Monday, August 15, 2011
Another challenge met!
By Suzanne McMinn at Chickens in the Road
This month, as part of my ever adventurous cheese challenge for New England Cheesemaking, I’m taking part in NEC’s month-long celebration of the Cheese Queen’s wedding with the sweet, the delicious, and the romantic Coeur a la Creme. (Note: Ricki and Jamie were married August 21, 2011.)
By the way, do you think the groom gets to be the Cheese King now? Or the Cheese Prince Consort? Will they cut the cheese instead of the cake? Will they drive away in a cheesemobile? Will they honeymoon on the Isle of Brie and be hand-fed crackers by Keebler elves? Do these and many other such questions explain why I have no wedding invitation? Were you invited? No? Ricki? Ricki! We love you! Oh never mind.
But, hark! Lo and although we have no ticket to the cheese castle, we can take part in the fun! It all starts with fromagina, Ricki Carroll’s own unique soft cheese concoction. Fromagina is a cross between fromage blanc and mascarpone. It delivers a rich, creamy cheese that is perfect for sweet and savory spreads as well as dessert recipes. It’s also sinfully simple to make. (Fromagina comes as a direct-set culture and is available from New England Cheesemaking.) It’s a perfect soft cheese to use for Coeur a la Creme in these adorable heart-shaped molds.
We’re headed here:
calcium chloride directly to the milk when you put it in the pot. Do NOT use ultra-pasteurized milk.
How to make Fromagina:
1 gallon whole milk
1 direct-set packet fromagina starter
Heat the milk to 86 degrees (F). Add the starter packet and stir to mix thoroughly. (The culture itself includes rennet, so no additional rennet is required.)
butter muslin and hang to drain for 6-12 hours, or until you achieve your desired consistency. (Less hanging time for a creamier cheese, longer for a more dry cheese.)
Now for the fun part–the Coeur a la Creme! Which means we get to play with heart-shaped molds! Heart-shaped anything is not just for Valentine’s Day. It’s for weddings (such as the Cheese Queen’s), engagement parties, birthdays, anniversaries, a romantic dinner, or just for kicks.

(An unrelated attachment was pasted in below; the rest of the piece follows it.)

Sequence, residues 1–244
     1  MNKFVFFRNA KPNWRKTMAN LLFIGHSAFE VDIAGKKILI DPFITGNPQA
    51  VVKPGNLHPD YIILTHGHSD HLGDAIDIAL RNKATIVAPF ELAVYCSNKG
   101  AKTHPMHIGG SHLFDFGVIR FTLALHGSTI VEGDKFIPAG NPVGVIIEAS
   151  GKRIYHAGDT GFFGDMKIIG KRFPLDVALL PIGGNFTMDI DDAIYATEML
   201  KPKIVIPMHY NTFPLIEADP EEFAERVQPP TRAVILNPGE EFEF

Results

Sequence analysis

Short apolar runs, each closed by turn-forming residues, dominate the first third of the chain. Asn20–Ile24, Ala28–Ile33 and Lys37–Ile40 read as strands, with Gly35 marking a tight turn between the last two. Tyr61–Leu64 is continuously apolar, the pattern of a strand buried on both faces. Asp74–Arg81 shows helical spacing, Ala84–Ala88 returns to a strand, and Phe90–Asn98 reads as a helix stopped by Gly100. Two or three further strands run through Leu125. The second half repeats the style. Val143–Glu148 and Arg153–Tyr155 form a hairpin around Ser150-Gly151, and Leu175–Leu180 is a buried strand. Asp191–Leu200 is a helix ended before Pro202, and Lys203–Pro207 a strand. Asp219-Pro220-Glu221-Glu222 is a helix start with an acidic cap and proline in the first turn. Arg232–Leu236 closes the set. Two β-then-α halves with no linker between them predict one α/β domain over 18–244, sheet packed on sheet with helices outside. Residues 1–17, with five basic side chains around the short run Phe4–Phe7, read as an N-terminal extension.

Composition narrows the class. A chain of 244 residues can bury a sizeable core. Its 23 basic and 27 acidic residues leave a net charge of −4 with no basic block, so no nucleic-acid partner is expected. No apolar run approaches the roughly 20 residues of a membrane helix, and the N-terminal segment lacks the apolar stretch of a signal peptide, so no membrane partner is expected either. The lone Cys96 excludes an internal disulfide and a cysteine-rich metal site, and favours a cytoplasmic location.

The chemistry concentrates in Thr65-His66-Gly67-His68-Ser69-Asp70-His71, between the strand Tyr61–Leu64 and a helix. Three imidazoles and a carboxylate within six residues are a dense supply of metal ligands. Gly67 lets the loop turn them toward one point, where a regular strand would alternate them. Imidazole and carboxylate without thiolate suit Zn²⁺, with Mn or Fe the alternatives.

Note: Coeur a la Creme traditionally includes the use of raw egg whites, which is a concern for many people today. According to the American Egg Board, egg whites do not readily support bacterial growth (as yolks do). However, to be safe, you can cook the whites with sugar, beating over hot water or on low heat until soft peaks form. (Without sugar, the whites will coagulate too fast. The recommendation is two tablespoons sugar per egg white.) Check the temperature as you beat the whites–they must either slow-pasteurize at 145 degrees for 30 minutes (a bit long for beating, but humidity is not a meringue’s best friend, so the double-boiler method does take some time) or fast-pasteurize at 165 for 30 seconds. If you’re not comfortable with home pasteurization, you may also use either liquid or powdered pasteurized egg white products, or buy pasteurized eggs.
Always remember and never forget that egg safety is of particular importance for young children, pregnant women, and the elderly.
If you want to home pasteurize your whites, here is how I do it, based on the above guidelines.
You can use this technique for any recipe you may have that calls for raw beaten egg whites folded into a mixture that will not be further cooked (such as frostings). FYI, for recipes that include a liquid wherein the egg whites can be combined (such as a hollandaise sauce or homemade mayonnaise), you can pasteurize eggs with the liquid in the recipe. I have a tutorial for that here.
This recipe makes enough for two 4-inch wide heart-shaped molds. I doubled the recipe to fill four molds.
How to make Coeur a la Creme:
1 cup (8 ounces) fromagina
1 tablespoon granulated sugar*
1 tablespoon heavy cream
2 egg whites, beaten until stiff
*If you pasteurize your egg whites with sugar as outlined in the note above, you will be adding 4 tablespoons of sugar to the whites in the beating process instead of 1 tablespoon as per the recipe. (It’s okay. I did it this way. Tasted delicious and not too sweet at all.) If using liquid or powdered pasteurized egg white products or pasteurized eggs, simply follow the recipe as directed.
Combine the cheese, sugar (if not beating sugar with the whites), and cream. Fold in the egg whites.
It makes a very pretty presentation, and it’s scrumptious. You can also make a Coeur a la Creme savory by adding coarse ground black pepper or garlic to the mixture and topping with a pepper relish, some chutney, or finely chopped vegetables–and serve it with crackers.
Coeur a la Creme with blueberry sauce.